In my Planning classes I talk about how you learn to juggle by tossing one beanbag from one hand to the other. Your goal is form and consistency. Once you have that, you can add more beanbags, change from beanbags to something else, and do something that looks much more like juggling.
You can’t juggle flaming torches without spending some time tossing one beanbag from one hand to the other. Even when you’ve juggled flaming torches in the past, if you start dropping them you have to go back to tossing one beanbag.
Back in December I decided to take my own advice. I know that yoga is a practice that is good for me. However, I have never successfully established a home practice and, in the autumn of 2014, I had fallen out of the habit of attending a weekly class. I decided to fix that.
Yoga may not be your thing. It may never be your thing. That’s okay. I don’t care if you ever do yoga.
Writing is your thing. You know it is good for you. You may have stopped doing it, just like I stopped doing yoga. This happens to everyone.
What I did to fix my yoga practice:
- I took a couple of private classes to figure out what would work for me.
- I asked myself “How do I make daily practice easy?”
Things that make the daily practice easy:
- The smallest possible amount (10 minutes to start)
- No extra clothing changes, special places, etc: in my underwear, on the floor of my bedroom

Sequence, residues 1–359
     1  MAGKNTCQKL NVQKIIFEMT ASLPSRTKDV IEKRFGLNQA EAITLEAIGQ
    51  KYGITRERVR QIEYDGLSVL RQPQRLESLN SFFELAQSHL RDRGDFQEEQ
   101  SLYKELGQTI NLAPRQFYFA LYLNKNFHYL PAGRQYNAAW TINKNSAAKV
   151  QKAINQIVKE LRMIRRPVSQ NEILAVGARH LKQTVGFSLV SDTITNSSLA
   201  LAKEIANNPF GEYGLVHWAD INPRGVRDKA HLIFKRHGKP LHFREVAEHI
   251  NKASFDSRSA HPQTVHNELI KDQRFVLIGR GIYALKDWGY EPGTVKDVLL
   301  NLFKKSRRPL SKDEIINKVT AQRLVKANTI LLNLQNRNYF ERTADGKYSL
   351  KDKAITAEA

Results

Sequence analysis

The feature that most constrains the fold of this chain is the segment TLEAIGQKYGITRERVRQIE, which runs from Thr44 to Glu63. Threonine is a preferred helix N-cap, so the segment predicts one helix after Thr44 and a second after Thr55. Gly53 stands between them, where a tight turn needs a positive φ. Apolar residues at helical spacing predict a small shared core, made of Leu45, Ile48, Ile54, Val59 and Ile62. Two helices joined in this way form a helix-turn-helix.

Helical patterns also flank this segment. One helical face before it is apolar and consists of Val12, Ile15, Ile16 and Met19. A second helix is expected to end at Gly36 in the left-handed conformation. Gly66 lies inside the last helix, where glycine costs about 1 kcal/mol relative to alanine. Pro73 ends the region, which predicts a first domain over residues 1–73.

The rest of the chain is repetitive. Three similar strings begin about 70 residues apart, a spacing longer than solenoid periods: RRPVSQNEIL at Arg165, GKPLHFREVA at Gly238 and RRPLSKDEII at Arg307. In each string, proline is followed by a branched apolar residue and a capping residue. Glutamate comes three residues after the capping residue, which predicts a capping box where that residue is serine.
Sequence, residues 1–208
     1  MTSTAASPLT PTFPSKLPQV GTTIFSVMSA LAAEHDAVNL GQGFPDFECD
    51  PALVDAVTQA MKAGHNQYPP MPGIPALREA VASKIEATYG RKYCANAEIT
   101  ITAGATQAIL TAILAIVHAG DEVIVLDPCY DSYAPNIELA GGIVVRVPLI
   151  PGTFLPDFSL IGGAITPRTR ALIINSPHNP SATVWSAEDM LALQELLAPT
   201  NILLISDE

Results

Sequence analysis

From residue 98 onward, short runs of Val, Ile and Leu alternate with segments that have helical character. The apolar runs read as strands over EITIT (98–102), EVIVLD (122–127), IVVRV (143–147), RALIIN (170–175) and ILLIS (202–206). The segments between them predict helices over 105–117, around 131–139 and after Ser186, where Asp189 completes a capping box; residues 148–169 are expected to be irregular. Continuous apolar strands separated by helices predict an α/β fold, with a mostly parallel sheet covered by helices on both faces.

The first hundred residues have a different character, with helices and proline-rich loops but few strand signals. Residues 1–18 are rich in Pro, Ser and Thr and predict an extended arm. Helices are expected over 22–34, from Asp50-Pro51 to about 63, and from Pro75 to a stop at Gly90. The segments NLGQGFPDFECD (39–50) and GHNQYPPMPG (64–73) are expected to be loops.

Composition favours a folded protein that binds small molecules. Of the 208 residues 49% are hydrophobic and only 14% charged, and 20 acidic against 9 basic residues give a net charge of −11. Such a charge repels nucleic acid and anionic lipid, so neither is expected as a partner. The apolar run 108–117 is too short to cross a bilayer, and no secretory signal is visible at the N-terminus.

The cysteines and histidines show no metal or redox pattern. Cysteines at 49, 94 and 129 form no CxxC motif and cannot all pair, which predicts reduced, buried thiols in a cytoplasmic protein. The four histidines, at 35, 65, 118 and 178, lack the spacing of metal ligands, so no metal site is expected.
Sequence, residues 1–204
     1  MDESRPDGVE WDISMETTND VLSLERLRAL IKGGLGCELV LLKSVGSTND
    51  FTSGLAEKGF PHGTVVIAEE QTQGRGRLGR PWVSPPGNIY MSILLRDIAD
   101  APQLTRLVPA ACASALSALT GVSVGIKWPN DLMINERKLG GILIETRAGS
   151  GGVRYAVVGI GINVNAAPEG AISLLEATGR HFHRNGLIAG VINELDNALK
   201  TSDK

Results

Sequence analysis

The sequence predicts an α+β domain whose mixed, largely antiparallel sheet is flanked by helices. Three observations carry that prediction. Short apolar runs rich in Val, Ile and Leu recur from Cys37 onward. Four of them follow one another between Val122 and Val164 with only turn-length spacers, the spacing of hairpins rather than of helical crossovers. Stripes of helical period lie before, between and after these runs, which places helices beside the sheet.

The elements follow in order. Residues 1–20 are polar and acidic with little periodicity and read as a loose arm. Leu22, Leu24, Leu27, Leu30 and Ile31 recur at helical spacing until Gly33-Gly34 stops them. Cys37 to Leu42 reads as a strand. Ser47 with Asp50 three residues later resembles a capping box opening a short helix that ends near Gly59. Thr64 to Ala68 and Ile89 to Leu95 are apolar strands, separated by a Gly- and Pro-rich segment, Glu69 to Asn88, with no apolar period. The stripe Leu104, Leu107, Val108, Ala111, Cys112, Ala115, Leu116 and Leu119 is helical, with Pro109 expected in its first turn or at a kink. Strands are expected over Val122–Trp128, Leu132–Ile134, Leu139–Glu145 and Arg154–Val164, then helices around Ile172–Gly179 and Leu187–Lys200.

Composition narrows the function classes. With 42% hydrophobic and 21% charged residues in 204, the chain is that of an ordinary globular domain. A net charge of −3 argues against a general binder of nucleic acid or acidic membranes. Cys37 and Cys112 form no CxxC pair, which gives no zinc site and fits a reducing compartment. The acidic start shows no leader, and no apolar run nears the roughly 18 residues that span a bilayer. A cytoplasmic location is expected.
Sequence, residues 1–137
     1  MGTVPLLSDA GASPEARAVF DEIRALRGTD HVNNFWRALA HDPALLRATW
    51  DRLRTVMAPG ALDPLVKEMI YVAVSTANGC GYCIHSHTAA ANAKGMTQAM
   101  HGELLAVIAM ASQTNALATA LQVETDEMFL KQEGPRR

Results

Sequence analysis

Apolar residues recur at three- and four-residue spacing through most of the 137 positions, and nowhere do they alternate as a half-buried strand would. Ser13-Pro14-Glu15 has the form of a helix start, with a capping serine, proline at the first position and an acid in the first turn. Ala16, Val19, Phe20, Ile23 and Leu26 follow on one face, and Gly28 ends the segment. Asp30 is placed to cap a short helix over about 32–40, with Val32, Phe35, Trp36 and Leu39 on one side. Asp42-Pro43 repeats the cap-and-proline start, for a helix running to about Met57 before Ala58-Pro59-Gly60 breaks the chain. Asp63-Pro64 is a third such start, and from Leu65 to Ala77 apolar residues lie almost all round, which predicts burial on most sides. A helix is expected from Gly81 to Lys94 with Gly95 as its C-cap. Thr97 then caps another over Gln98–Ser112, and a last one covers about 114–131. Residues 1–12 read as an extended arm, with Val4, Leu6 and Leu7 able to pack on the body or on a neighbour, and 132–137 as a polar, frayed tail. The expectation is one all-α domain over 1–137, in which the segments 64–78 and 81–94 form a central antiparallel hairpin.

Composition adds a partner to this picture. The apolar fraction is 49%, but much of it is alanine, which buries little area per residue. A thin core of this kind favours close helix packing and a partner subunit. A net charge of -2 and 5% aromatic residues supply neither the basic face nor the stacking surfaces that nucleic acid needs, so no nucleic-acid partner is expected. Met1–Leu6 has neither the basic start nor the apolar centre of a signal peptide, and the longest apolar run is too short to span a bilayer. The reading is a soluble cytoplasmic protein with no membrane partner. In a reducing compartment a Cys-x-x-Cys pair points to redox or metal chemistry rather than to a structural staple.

- Peg it to another activity I do daily: right after my shower, before getting dressed
I also booked several more private classes, once a fortnight, to check on my form, to get ideas for expanding it when I was ready, and to keep me going. Knowing I would be seeing my teacher helped me start again if I missed a day or two.
It is now the beginning of March. I do 20 minutes of yoga every morning (in my underwear, after my shower, before I get dressed). I have temporarily suspended the private lessons but I will have more when I’m ready to change or add to that 20-minute practice.
I am NOT pushing myself to make it longer.
I am deliberately sticking with 20 minutes of the same thing every day for at least another month. I want to really bed this practice in. My goal is form and consistency.
I need it to be something I do no matter what is going on. Something I do when I travel. Something I do when other members of my household are away and I have more morning chores. Something I do when I’m busy.
My identity is shifting. I am becoming a person who practices yoga daily. I want to be that person.
Why am I telling you this?
I am sharing this because you can do the same thing for writing that I did for yoga.
- Get some help to figure out what will work for you.
- Ask yourself “How do I make it easy to write regularly?”
You can be a person who writes regularly. But you have to start with the equivalent of tossing one beanbag.
Start by brainstorming ideas for each of those bullet points. Then pick one to start with.
Post recategorized Sept 21, 2015.